In this picture, I’m wearing three four of my favorite items – all second hand. I bought the levis vintage jeans at a flea market, the belt used to be my dad’s and the t-shirt and silk scarf (bow in my hair) I bought in a Red Cross second-hand store. The large ring on my middle finger is also second hand (designed by Danish designer Line&Jo).
Earlier on I did a post with tips on sustainable living, including some advice on buying clothes second-hand, which caught a bit of attention. Upon request, I, therefore, thought I’d introduce you to my personal guide when going second-hand shopping.
I mean, Second-hand shopping is great – you get cheap new clothes AND can shop until you can’t carry any more with good conscience (well, maybe not economically good conscious, but at least environmentally), as you’re not contributing to further production of clothes (because no one can really forget the news of clothes being burned by several brands, right? Stuck with me anyway).
Now, to start off with, it can be a bit of a challenge to convince your sleepy self that getting up early Sunday morning is worth it, especially if your head is hurting like construction workers are building a house inside of it from the hangovers yesterday’s fun has left you with. So, to help you a bit here, I’d like to address the many benefits that might make it easier to get up, get out and go to that Flea Market.
1. Low cost
Entire outfits for under $20 – what’s not to love?
2. Local support
The local community and its charities benefit greatly from second-hand shoppers, especially if you shop second hand via charity stores. While flea markets are booming with amazing clothes for relatively low prices, you’ll usually be able to find some even better deals in charity stores. This is usually due to the fact that at many flea markets, at least here in Denmark, are filled with stands rented by students who know the potential value their things and need the money for new things, so their prices are usually more expensive (which is still pretty doable anyway though).
Second-hand shopping is pretty much the only environmentally friendly way to shop for clothing, so what are you waiting for?
4. High quality
Vintage clothing is constructed to a higher standard and made from higher quality materials and this is also your chance to get designer pieces to high street prices.
5. Create a unique style
Highstreet clothing all looks the same, which can’t be said for second-hand shops.
I hope I’ve convinced you to do a bit more of sustainable shopping, so now let’s make sure you end up with the right things and not five different H&M t-shirt you’re not going to use anyway;
- Know what you want
Having a general idea of what you want to add to your wardrobe is advisable.
- Give things a chance
Don’t toss things if they don’t seem perfect first time around, be open to trying things on, and experiment a bit. This is the place for it.
- Know what you will and won’t find
After a while, you get to know what you will and won’t find.
- Patience is key
If you’re looking for something super specific be prepared to wait it out, but maybe you’ll then be lucky enough to get it and for no money.
- Be willing to modify
If you’re willing to modify clothes you unlock a whole ‘nother level of shopping.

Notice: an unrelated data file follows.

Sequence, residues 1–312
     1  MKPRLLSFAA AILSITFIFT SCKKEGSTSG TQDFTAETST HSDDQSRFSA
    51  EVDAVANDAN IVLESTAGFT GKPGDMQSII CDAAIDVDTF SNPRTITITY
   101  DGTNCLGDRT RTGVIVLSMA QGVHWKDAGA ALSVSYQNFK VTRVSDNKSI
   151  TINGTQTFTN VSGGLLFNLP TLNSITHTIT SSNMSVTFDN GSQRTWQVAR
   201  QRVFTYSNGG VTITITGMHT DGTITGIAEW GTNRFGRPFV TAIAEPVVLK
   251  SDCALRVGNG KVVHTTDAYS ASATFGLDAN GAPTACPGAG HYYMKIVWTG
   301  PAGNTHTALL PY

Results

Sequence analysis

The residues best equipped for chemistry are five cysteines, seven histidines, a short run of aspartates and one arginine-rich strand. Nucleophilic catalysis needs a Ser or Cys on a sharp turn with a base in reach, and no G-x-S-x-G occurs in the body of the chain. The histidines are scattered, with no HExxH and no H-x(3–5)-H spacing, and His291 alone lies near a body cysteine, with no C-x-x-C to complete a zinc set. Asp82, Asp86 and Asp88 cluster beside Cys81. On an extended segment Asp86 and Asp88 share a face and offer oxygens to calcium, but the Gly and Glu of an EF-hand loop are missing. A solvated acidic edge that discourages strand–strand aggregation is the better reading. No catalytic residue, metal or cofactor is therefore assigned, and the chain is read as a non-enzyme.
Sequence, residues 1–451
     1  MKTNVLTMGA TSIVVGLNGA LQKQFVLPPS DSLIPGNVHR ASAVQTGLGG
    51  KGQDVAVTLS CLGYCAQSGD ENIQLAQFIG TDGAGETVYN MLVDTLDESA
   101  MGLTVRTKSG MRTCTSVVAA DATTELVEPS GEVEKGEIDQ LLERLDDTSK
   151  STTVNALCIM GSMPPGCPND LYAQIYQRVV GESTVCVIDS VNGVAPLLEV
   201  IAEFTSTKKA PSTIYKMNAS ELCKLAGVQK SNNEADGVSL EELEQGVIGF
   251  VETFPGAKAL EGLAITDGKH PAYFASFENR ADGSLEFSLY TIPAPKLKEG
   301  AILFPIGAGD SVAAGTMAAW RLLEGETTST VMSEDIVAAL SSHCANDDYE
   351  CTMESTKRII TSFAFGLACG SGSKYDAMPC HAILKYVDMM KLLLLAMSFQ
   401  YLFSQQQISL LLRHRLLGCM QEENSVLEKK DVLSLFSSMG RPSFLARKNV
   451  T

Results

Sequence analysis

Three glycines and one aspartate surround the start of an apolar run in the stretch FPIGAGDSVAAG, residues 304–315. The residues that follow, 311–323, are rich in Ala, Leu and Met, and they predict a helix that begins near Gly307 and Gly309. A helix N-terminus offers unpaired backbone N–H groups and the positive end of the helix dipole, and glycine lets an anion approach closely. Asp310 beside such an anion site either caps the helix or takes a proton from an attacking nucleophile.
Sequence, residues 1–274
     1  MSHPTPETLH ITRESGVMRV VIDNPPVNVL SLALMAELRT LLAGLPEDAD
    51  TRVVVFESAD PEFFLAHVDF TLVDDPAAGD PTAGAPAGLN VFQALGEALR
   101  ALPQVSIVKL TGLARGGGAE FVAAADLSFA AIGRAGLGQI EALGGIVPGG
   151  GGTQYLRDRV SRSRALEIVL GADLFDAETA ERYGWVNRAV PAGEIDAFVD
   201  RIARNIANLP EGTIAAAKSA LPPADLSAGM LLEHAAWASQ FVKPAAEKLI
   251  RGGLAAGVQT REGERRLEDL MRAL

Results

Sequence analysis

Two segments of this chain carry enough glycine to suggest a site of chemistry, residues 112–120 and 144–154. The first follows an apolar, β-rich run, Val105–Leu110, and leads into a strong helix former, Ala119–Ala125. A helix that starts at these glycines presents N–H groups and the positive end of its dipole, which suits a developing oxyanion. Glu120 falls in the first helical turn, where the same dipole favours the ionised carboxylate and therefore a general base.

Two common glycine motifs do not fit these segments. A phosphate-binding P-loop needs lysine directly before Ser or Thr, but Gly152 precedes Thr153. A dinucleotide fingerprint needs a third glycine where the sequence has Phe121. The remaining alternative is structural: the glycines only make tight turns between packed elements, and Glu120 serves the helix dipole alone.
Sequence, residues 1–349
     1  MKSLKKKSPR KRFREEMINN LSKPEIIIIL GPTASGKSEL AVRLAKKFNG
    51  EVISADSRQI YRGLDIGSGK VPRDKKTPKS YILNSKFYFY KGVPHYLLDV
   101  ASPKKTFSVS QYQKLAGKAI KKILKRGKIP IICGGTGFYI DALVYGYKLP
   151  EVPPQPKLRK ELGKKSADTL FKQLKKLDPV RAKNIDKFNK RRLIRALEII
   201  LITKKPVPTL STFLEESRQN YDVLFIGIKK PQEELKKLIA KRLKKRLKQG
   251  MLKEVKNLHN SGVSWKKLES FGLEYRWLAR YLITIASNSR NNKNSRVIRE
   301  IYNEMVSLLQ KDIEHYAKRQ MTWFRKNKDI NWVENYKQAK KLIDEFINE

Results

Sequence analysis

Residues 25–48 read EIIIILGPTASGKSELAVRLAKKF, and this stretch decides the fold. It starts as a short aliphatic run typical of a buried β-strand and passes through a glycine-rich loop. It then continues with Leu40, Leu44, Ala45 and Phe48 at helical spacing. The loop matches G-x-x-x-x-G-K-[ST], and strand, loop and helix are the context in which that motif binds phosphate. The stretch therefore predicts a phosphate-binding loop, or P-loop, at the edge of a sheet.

- Ignore sizing
Vintage clothing runs smaller; don’t ignore larger sizes because you think they won’t fit.
- Shop unisex
There are gems to be found in the rails of the opposite sex.
- Check labels
Material matters; check labels and make note of the materials used and how to care for them.
- Feel everything
After a while, you will start to identify high-quality clothing simply by touching them.
- Take your time, don’t rush but don’t dawdle either
Learn to be quick and efficient. Rushing through it all might make you miss some of the best pieces, and you are also more likely to buy things you don’t really want in the rush. Being slow on the other hand is not good either, as getting the good things requires you to be quicker than someone else interested in the same item, as there’s only one of each.
- Don’t overpay
The money may be going to charity but it’s still second-hand clothing. Also, if you’re at a flea market, don’t be afraid to do a little bit of bargaining – it usually pays off.
- Avoid “vintage clothing” and antique stores
They are always exorbitantly expensive.
- Visit regularly
and don’t always visit at the same time on the same days – change it up a bit.
- Be prepared to leave empty-handed
Some days you won’t find anything at all.. but if you’re smart, then you’ve teamed up with a friend and the two of you can then go grab a coffee or eat brunch after – then getting up early will never be for nothing!
- Don’t buy high street clothing
Vintage clothing is made with better quality materials to a higher standard, plus this is your chance to get designer labels for affordable prices, so why waste that chance on something you’ll get cheap on sale at H&M anyway?
- Don’t be afraid to ask
If you’re looking for something specific, ask since staff or stand-holders are usually friendly and accommodating.
- Lastly, for flea markets: Get there early
The thing about fleas compared to stores is that there’s only one of each item, meaning it’s the first one taking it, who’s getting it. And yes, it’s hard getting up, but you can sleep after. If you’re heading to a flea market, it doesn’t make sense not to give yourself the best chances of getting the good stuff.
Are you a pro at second-hand shopping? Leave your tips in the comments!
Until next time!